It’s hard to believe that the FN P90 is 30 years old. If it was a car it would qualify for antique license plates. If it was a foreign car you would have been able to import it as a “classic” 5 years ago. Maybe because even in 2020 the P90 looks like it’s from 2135 and should be blasting aliens in the face that makes it hard to believe how old it is. Or maybe we’re just in denial about our age. Regardless, the P90 is a classic firearm that has punched above its weight class in popularity for 30 years now.
As a side note, the correct nomenclature for the civilian legal P90 is actually PS90. But the only people in that have ever called it that work for FN. So we’re going to stick with P90 for this article. If we’re talking about the full auto one, you’ll know.
History of the FN P90
The P90 has had an interesting history. Originally, FN introduced the military version along with the 5.7x28mm cartridge to meet NATO’s request for a compact weapon that could be issued to second line troops that needed more than a pistol. The Personal Defense Weapon, or PDW, was a hot concept in the late 80s and early 90s, as soft body armor became standardized across the world. PDWs like the P90 were designed to defeat soft body armor while still being as compact as a traditional sub-machine gun.
The military P90 was quickly adopted by many militaries; but instead of issuing it to second line troops, its most common buyers were special operations units. Its small size combined with fast rate of fire and large magazine made it a popular choice for clandestine operations. The US Secret Service also was an early adopter, choosing the P90 for the same attributes that made it appealing to special operations units.
PS90: The Civilian P90
Military and law enforcement acceptance is frequently a good driver of civilian sales, but the P90 enjoyed a far different boost to its commercial sales appeal. Its unusual bullpup appearance made it a darling with Hollywood prop masters. It would take an entire article to list all of the TV shows, movies, and video games that the top loading, bottom ejecting, bullpup PDW has appeared in. Instead, here’s a short list of notable appearances: Stargate SG1, Stargate Atlantis, Call of Duty Modern Warfare 1-3, Battlefield 2-4, The Expendables, The World is not Enough, and three of the Hunger Games movies with a custom matte white paint job. It has the right combination of futuristic appearance to fit in well in any movie set in a mildly dystopian future. And thanks to its adoption by special operations units in law enforcement, it can also pop up in contemporary movies.
The civilian-legal P90 has a 16 inch barrel. It accepts the same 50 round top loading magazines as the military and LE version. However, it ships with magazines that are blocked to either 10 or 30 rounds. Early, the civilian P90 shipped with the same reflex sight in the top rail as the military version. When LE agencies and military units wanted to mount their own optics, FN offered a version of both military and civilian guns called the Tri-Rail, or TR. The P90 TR had a triple rail cluster on the carry handle that could mount a host of optics or other accessories. FN discontinued the TR as a catalog model for the civilian gun. The currently available P90 features a single strip of rail on the top for mounting an optic.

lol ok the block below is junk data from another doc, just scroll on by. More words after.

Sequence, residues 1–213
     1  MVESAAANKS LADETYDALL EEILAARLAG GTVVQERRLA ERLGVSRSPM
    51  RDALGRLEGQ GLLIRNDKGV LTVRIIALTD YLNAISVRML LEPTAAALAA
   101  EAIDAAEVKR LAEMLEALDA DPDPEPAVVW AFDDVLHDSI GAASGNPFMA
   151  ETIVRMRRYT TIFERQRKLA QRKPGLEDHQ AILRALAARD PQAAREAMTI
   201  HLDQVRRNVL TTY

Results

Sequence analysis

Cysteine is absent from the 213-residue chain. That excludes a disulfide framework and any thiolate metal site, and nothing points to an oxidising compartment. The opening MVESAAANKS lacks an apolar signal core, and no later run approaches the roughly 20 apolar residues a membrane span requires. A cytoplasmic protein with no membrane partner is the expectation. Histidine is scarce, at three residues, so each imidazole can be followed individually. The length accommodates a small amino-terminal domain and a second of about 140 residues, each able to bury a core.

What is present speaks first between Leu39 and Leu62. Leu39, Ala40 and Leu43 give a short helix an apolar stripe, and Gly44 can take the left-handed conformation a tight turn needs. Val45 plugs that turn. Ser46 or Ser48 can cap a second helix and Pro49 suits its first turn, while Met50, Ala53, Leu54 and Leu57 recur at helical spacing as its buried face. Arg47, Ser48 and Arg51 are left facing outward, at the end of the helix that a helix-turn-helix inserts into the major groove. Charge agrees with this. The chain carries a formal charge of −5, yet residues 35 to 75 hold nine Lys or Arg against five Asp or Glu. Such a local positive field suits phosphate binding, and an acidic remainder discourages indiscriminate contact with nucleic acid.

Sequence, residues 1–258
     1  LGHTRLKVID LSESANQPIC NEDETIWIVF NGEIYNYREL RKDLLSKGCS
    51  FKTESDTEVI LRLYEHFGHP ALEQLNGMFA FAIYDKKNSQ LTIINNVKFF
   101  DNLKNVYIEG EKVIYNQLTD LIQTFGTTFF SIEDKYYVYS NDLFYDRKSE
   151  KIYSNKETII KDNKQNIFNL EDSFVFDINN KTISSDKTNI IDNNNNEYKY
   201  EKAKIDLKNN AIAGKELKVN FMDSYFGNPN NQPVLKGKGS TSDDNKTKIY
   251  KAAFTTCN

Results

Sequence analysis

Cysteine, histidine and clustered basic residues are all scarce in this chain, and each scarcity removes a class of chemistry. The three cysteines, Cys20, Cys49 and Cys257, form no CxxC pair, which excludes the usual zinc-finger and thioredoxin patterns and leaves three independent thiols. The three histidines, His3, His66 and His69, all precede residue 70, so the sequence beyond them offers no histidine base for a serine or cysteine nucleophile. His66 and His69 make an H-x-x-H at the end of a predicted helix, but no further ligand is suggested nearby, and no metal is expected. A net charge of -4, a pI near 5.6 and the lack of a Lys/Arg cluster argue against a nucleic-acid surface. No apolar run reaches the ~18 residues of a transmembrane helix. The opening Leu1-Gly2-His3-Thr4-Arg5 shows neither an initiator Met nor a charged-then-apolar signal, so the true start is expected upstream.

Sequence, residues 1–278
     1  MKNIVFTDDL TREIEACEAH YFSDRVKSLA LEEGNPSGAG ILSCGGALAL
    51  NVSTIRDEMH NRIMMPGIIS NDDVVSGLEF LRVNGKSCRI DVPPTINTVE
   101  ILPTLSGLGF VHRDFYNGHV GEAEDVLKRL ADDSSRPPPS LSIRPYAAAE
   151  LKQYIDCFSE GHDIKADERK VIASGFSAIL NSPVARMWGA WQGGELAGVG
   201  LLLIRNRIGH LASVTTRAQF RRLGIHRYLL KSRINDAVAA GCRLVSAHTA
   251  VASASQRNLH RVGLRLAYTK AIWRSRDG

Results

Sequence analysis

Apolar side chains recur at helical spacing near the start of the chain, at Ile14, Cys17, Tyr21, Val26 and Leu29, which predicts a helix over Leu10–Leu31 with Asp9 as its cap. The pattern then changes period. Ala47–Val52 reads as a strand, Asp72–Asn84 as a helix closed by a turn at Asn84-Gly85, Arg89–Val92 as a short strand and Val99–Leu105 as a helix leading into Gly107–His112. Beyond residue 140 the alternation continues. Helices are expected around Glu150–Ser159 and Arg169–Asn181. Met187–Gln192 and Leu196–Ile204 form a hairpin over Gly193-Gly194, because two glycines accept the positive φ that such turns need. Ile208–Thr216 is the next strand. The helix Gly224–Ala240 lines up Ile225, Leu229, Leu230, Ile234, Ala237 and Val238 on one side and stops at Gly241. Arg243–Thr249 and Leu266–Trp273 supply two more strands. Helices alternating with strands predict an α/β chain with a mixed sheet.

P90 Ammo: 5.7x28mm
Contrary to media hysteria from the mid ’00s, the commercially available 5.7x28mm ammo won’t defeat soft body armor. The only 5.7×28 ammo that will defeat armor is SS190. Because it’s classified as armor piercing, is a controlled item. You can’t just buy it off the shelves at a sporting goods store. The most common ammo available on the commercial market for the P90 is the SS195 and SS197. The SS195 is a lead-free JHP. The SS197 uses a polymer tip similar to the Critical Defense line of ammo. Neither round will defeat soft body armor, and certainly not the hard plate armor plates that are in vogue right now.
5.7x28mm for Self Defense
In fact, the commercially available 5.7x28mm rounds aren’t that great. They don’t do anything you can’t do better with a real rifle caliber like 5.56 NATO, and don’t really offer a significant performance upgrade over a quality 9mm JHP. If you’re reading this and it’s not 2020, they’re also a lot more expensive than 9mm. So, it doesn’t make a lot of sense as a “main gun”. Anecdotal reports say they’re not much more effective than a 22 WMR out of a rifle. Which, hey, no one is going to sign up to eat a 22 Magnum to the chest. But if you’re looking for a handy, small package fighting rifle, there are better choices than the P90 out there.
FN P90: What’s the Point?
But if it’s not really good for personal defense, what is it good for? Well, even with the silly 16 inch barrel, it’s shorter than a standard M4 Carbine by 4-8 inches. It’s also a good pound lighter. So if your primary goal is compact, portable firepower, it’s not a bad choice. Especially if you’re not interested in getting a short barreled rifle registered and you’re avoiding pistol braces because you don’t want the ATF to shoot your dog. Truthfully, it doesn’t need to have a practical purpose. They are an absolute hoot to shoot, even on semi-auto. A moderately talented shooter can rip 3-5 rounds in succession pretty fast, and the gun stays flat on target.
If you’re a fan of Stargate, if you love movie guns, or if you’re looking for something lightweight that holds a ton of rounds, you should definitely check out the FN P90. For 30 years old, it’s looking pretty good to me.